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Across several Afro-Asiatic languages, it used to be common to use entire sentences as personal names, usually with a deity involved. For example, the emperor Nebuchadnezzar's name in Akkadian was Nabû kudurri uṣṣur "may Nabû protect my heir". The verb uṣṣur "may he protect" comes at the end, as is standard in Akkadian (a strongly SOV language). In the name Ashurbanipal—Aššur bāni apli "Aššur is the creator of the heir"—the predicate likewise comes at the end, though this time it's a noun phrase rather than a verb.

However, there are also many Akkadian theophoric names that put the verb at the beginning, like Išme Dāgan "Dāgan listened" and Iddin Sîn "Sîn gave". Why do these names use the opposite word order? In Egyptian theophoric names, the divine name was usually put at the front (even if it should grammatically go later); was this similarly honorific, putting the divine names at the end for more emphasis?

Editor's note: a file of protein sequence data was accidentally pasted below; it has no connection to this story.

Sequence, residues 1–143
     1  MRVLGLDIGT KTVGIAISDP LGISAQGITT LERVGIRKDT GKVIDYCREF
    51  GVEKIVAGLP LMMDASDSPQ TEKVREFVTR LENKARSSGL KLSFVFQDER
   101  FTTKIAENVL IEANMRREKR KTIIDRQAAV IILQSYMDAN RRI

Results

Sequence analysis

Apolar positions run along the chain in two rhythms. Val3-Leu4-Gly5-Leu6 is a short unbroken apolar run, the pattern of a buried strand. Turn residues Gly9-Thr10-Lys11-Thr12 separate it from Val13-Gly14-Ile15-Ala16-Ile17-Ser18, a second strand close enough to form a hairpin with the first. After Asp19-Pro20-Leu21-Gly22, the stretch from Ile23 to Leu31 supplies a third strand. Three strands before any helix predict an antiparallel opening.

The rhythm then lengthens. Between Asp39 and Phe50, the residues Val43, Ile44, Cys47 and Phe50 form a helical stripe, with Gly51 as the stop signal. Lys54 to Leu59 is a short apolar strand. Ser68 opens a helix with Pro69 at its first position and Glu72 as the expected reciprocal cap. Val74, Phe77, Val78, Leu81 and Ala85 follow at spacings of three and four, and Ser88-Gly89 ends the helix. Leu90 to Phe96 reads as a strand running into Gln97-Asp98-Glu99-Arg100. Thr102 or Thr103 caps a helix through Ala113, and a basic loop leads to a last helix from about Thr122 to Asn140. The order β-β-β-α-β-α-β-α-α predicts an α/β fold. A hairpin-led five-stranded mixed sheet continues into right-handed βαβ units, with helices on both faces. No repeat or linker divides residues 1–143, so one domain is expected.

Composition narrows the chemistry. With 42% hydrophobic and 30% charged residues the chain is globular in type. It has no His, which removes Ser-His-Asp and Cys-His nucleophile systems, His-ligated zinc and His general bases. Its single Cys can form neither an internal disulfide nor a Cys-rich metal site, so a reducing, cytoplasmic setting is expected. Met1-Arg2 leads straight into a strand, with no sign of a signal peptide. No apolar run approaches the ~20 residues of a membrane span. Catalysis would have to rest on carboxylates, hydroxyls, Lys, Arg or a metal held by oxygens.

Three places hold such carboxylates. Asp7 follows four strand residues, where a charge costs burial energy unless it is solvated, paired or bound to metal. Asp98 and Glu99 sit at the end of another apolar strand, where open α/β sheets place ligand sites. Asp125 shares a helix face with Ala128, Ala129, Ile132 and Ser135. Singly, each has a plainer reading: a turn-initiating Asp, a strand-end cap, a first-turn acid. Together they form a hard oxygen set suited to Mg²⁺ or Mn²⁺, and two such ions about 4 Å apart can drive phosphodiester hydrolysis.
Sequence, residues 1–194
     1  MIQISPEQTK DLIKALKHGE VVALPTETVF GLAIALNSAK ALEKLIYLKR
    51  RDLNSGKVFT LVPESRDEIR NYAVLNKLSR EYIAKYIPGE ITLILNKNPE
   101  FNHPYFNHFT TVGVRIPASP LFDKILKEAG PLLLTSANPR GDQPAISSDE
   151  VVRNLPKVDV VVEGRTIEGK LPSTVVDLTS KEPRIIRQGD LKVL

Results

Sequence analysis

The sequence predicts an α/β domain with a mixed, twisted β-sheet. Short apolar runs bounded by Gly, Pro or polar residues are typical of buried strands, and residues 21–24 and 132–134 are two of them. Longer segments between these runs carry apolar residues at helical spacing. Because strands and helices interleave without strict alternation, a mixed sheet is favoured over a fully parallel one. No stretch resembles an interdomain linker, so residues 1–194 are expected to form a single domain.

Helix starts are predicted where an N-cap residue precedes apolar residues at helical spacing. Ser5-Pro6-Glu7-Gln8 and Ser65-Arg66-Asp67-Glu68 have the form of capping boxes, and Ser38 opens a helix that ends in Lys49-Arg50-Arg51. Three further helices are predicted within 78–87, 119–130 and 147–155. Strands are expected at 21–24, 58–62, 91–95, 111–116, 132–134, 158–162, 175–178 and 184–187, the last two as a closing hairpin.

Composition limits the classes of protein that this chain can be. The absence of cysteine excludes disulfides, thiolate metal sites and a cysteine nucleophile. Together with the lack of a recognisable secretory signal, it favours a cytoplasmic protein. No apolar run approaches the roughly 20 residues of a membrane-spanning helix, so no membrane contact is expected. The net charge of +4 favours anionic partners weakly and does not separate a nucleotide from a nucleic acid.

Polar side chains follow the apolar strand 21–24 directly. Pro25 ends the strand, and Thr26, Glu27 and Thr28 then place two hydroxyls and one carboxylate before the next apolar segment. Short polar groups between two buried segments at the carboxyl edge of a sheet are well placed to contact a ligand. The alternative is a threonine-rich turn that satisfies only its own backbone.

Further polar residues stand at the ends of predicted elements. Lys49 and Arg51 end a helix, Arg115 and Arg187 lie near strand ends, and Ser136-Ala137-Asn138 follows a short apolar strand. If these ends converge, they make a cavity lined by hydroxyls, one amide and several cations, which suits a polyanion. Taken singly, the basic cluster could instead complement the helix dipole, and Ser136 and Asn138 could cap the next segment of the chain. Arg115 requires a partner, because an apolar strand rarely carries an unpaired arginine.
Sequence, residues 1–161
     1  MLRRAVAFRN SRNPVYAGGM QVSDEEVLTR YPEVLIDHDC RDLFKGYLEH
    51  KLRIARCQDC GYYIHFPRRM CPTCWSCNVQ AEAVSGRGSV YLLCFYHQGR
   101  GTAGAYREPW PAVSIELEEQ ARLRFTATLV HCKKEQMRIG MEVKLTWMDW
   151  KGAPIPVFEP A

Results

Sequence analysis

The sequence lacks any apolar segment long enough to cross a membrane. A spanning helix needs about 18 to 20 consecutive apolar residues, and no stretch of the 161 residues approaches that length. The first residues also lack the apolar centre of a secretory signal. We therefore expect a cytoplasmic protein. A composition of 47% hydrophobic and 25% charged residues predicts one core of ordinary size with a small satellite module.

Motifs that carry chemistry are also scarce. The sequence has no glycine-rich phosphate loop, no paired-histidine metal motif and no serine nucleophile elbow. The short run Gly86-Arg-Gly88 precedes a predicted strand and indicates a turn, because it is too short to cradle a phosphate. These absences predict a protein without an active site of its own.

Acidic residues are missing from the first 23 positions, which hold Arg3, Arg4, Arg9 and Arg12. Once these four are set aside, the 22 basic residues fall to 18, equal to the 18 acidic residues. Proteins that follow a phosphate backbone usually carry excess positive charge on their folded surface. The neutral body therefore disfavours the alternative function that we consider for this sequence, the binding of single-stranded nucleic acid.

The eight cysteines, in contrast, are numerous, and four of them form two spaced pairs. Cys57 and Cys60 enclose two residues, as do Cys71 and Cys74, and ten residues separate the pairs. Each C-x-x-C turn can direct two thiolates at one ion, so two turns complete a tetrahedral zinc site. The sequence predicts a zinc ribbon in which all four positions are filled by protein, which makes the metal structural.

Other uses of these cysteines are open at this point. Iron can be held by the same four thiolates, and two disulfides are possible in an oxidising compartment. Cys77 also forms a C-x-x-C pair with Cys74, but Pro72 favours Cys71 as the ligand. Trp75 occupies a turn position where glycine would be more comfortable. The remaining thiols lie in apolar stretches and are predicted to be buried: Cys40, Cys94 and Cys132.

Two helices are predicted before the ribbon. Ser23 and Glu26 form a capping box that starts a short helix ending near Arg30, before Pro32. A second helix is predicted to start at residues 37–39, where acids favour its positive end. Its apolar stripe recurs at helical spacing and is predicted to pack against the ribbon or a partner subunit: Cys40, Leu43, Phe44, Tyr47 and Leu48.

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    I think this is too incomplete for an answer, but Semitic in general seems to vacillate between the two orders, cf the many Hebrew names in Yeho- vs those in -yahu (likewise ʾEl- & -(ʾ)el). Iirc written Egyptian does tend to move theonyms forwards as an honourific practice, but without cuneiform or Greek transcriptions of most of those names we wouldn't be able to detect it
    – Tristan
    Mar 13, 2023 at 9:27

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